Mobile Web Browsers Have No Where To Go But Up


As InformationWeek recently reported, mobile web browsing is a market with a substantial amount of upward growth potential.  More and more mobile phone customers are swapping their ‘dumb’ phones for smartphones that feature mobile web browsers and other data-centric applications.

There are many mobile web browsers featured on various smartphones, but which are worth the most attention?

Let our round-up give provide you guidance.

WebKit based browsers:

WebkitWebKit is an open source application framework that was originally taken from Konqueror browser’s code base.  Many popular web desktop browsers today are based on WebKit technology including Apple’s Safari, OmniWeb, Shiira, and others.  Additionally, many mobile browsers are also based on WebKit including Nokia Series 60 browser and Google’s Android platform.  WebKit is known for being a W3C standards based and exceptionally fast browser.  In recent months, development on WebKit has been focused on making WebKit increasingly faster in rendering webpages.

Opera Mini

Opera has long been a force to contend with in the desktop browser market.  Opera is known for delivering a compact, feature rich browser that is quick and responsive.  Their mobile browser is a Java based application, meaning it can run on a wide array of mobile phone platforms.  Opera Mini boasts a full web experience, an included RSS reader, and synchronization with your desktop computer via their Opera Link application.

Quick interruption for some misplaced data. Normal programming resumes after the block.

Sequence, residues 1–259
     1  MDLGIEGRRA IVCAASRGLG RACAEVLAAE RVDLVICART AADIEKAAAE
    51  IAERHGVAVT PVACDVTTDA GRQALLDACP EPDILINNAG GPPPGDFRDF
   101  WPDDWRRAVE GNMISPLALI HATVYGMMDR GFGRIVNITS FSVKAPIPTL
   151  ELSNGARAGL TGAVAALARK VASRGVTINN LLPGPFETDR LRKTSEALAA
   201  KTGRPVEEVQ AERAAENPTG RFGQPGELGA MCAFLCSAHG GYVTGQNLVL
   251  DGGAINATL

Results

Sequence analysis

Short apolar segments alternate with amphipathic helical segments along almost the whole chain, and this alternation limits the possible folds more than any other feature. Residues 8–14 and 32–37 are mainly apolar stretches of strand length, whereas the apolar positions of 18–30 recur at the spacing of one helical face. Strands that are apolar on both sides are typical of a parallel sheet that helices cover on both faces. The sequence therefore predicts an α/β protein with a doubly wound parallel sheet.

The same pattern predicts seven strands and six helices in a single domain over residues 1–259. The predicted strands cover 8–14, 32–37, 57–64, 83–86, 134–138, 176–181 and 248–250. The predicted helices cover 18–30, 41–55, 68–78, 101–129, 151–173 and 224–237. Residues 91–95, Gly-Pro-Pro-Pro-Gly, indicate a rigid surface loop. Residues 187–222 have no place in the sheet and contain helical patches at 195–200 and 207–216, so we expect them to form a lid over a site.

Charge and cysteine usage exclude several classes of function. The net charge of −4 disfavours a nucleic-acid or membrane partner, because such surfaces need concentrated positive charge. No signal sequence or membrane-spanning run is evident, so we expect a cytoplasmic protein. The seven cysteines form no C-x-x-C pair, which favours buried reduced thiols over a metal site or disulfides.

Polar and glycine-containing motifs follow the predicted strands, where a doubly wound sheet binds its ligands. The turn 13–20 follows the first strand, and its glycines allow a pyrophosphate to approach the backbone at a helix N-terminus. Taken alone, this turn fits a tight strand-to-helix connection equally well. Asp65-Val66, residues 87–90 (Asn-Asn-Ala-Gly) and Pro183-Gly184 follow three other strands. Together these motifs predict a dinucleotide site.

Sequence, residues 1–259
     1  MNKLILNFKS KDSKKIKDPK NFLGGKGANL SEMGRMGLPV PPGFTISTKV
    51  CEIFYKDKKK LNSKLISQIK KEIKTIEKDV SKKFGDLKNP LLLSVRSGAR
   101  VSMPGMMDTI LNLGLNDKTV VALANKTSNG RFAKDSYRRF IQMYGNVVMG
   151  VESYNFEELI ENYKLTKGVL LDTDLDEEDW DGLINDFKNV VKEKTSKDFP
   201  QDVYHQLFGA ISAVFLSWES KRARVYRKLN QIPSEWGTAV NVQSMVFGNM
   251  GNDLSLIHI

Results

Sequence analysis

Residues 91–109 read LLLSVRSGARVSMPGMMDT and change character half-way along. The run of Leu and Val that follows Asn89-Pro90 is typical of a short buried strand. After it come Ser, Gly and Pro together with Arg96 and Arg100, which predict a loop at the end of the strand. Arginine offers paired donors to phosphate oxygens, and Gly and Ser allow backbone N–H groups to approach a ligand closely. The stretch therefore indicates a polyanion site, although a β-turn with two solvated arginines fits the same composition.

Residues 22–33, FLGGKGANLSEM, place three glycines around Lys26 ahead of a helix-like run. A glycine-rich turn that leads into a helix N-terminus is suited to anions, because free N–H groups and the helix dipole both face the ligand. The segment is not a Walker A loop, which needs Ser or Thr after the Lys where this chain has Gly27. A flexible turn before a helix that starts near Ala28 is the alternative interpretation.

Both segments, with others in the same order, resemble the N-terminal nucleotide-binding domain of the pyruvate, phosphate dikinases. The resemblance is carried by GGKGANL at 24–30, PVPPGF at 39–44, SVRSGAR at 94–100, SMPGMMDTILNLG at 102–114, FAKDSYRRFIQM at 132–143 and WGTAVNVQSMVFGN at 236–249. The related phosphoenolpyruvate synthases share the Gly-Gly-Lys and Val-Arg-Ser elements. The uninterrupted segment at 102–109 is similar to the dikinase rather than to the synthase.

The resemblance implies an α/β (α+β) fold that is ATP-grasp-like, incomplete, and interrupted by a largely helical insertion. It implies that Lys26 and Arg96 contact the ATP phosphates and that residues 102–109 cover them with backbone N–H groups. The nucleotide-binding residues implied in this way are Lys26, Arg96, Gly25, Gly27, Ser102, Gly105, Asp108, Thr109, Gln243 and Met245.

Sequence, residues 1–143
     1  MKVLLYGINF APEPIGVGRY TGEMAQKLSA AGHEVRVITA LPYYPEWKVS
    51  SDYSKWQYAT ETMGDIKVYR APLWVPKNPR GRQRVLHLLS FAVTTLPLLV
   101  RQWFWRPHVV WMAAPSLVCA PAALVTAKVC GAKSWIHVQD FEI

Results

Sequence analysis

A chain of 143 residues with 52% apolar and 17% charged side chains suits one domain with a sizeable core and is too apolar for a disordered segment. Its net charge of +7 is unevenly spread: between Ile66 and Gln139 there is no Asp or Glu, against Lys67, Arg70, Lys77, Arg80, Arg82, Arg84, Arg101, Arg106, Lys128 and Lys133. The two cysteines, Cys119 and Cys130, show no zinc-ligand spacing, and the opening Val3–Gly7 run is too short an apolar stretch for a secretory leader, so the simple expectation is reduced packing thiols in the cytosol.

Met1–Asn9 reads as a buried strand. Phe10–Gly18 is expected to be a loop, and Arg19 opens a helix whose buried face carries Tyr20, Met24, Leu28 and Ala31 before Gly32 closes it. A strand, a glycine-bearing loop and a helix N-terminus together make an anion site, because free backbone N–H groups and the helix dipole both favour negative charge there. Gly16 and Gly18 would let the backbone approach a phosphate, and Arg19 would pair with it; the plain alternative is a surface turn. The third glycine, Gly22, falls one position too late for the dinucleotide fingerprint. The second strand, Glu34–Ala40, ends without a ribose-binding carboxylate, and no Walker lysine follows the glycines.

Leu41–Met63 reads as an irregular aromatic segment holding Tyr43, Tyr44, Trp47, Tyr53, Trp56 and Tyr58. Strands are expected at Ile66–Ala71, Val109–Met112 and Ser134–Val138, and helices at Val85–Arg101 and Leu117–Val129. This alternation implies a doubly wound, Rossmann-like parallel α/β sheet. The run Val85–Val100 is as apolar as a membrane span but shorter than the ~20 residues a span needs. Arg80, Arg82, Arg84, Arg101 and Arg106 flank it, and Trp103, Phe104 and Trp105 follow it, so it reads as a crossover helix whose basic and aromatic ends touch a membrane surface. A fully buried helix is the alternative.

Opera Mini 4 has made strides to take on Apple’s Safari browser and its sexy user interface.  The mobile application allows you to view pages in landscape mode, offers native BlackBerry menus on BlackBerry devices, and enhances web content for small screens.  Opera Mini makes it known they support CSS to further situate their browser offering as a natural extension for web content to the mobile screen.  Opera Mini 4 requires a download from their Opera Mini homepage.

Apple’s Safari Browser

Safari iconApple has made a huge splash in the mobile world with the introduction of the iPhone. Being able to harness the iPhone’s revolutionary touch interface, Safari has redefined the users perspective of the mobile web.  Apple’s Safari is different than many mobile browsers in that it doesn’t try to reformat web content for the mobile screen.  Instead, Safari renders the entire webpage and allows users to zoom in using a very intelligent and slick double-tap motion.  Safari also supports AJAX, bringing native functionality to Gmail, Google Reader, and other AJAX-intensive applications.

Because of the iPhone’s market dominance, many mobile services and websites have written custom websites to take advantage of the iPhone’s touch interface and capabilities.  Additionally, Safari allows tabbed browsing, a popular feature among users.  Like Opera Mini, the iPhone features a landscape view for wide-screen viewing of websites.’s Minimo Browser